At the time it lived in the shadow of the Clio RS of the time (the 182 hp) which offered a similar "chicha", and a somewhat different driving dynamics. With the cup chassis the Renault was probably more praised, although the 206 RC did not detract either.
It didn't shine in the market at the time with spectacular sales, but the reality is that it was a very, very interesting proposal. We're going to tell you about it, because right now they're in a "sweet" price point.
Starting with the aesthetics, we will tell you that on the outside the car was almost identical to a "normal" 206 GTI. It changed in aspects such as tires, beautiful and large, but extremely soft. They were 17 inches, with low profile tyres, and they were a bit of a struggle going fast and catching bumps (one of us bent them and had to have them repaired on three different occasions).
The front and rear track widths were slightly wider than its range brothers, the height of the car was lowered, the mirrors had an imitation "carbon fiber" housing (bad imitation, by the way), while the front bumper had the largest mouth of the performance versions.
The rear was characterized by its double exhaust tail and silencer behind the rear axle, while the spoiler on the boot lid was double.
Inside the car had "bacquet" seats, which were still used in PSA, and that hold the body to the thousand wonders, with alcantara and a very nice mesh as main materials.
The clock panel was typical of the model, with very careful details in terms of oil temperature and oil level integrated, to better control the effort to which you subjected the small 206 RC.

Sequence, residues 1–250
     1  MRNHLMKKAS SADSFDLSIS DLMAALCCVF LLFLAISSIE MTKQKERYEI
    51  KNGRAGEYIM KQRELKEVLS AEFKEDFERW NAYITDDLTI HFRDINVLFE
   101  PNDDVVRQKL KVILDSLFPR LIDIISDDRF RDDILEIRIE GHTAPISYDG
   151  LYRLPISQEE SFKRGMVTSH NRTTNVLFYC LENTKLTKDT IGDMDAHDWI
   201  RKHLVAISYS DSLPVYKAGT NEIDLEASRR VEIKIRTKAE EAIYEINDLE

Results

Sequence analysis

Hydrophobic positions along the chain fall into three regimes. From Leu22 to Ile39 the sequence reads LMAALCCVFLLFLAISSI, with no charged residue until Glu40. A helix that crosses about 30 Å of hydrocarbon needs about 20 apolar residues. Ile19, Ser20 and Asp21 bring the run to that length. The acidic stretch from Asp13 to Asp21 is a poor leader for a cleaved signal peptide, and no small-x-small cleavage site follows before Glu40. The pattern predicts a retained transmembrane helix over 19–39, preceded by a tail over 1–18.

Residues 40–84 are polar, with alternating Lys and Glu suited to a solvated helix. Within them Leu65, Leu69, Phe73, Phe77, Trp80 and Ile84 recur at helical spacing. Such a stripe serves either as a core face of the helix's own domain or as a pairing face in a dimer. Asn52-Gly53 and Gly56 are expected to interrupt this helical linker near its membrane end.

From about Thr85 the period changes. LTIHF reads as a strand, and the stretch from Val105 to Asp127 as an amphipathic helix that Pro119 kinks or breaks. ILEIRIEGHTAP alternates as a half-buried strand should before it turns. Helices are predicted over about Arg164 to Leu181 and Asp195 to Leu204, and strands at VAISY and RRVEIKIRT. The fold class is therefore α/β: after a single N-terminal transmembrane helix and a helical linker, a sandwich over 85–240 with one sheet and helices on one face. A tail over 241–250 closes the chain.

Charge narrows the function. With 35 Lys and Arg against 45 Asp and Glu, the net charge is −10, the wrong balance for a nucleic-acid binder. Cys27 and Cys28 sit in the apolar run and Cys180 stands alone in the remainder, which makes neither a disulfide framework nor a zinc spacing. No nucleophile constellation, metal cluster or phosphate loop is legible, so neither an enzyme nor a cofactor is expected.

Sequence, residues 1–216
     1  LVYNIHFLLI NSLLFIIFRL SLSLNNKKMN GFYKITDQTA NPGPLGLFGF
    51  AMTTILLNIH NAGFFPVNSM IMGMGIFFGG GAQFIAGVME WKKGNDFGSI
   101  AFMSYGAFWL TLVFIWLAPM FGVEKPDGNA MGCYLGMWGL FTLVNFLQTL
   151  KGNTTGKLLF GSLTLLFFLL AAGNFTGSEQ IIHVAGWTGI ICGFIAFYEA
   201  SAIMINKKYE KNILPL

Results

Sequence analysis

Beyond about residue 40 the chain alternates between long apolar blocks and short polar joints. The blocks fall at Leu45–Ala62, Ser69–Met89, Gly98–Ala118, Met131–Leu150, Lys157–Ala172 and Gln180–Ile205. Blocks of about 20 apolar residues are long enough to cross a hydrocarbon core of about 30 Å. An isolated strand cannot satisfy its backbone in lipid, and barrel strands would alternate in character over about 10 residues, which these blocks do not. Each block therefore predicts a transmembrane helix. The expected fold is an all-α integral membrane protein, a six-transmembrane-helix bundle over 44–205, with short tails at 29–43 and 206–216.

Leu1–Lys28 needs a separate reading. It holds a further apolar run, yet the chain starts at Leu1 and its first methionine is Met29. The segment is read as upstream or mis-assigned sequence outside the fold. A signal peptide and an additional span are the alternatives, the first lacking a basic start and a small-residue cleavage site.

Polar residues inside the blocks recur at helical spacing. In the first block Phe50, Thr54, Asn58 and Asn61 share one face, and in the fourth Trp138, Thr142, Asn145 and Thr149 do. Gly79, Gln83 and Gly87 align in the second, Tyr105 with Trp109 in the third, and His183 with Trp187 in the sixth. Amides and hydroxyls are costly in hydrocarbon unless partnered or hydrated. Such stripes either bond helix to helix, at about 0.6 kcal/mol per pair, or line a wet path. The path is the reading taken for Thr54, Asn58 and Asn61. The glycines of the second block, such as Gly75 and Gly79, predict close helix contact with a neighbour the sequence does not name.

Technically speaking, we have already told you about the jewel of the car: the 2.0 naturally aspirated engine, with 180 hp, variable distribution, resonator, and a careful treatment of gases. It was associated with a short five-speed gearbox (on the motorway a six-speed gearbox was missing...).
In terms of chassis, the car was much lower and stiffer than the "normal" 206 GTI. The rear axle was fitted with two transverse reinforcement arms so that the bridge of trailing arms linked by torsional bars would behave better under high lateral loads, without changing the trajectory set by the steering wheel.
I get a little personal to tell you that if I bought this car it was because of the way it moves. When you get in you discover a steering with a lot of weight, little assistance, come on. On perfectly manicured asphalt, you have a very hard car, which follows precisely the trajectory set by the steering wheel, and at the same time is able to dislocate the line when you hollow the accelerator pedal in full support, to help you round the corners.
The grip is conditioned by the Pirelli tyres recommended by the manufacturer (some developed specifically for it, which were changed for a PZero Nero), which do not grip as much as this machine could handle (Pilot Sport 3 work much better in this aspect and are the recommended ones).
The engine has a power delivery that doubles duties: it has torque down low, it feels full, and it has punch up top, willing to stretch up to seven thousand turns of the red zone, all surrounded by a pleasant mechanical sound, a mixture of intake and exhaust.
The steering isn't extremely quick, but it does feel precise, and more importantly, it communicates something to the driver about the remaining grip on the front wheels. The brakes are powerful and metered, and there's ESP to safeguard your back if you push your limits and aren't willing to play with countersteering.
The downsides? There are. It's a car with such a stiff suspension that in everyday use, when there are potholes, holes, unevenness in the road, it makes them noticeable by moving the passengers and shaking them. It is noisy, marked by the gearbox, which lacks a sixth gear of relief.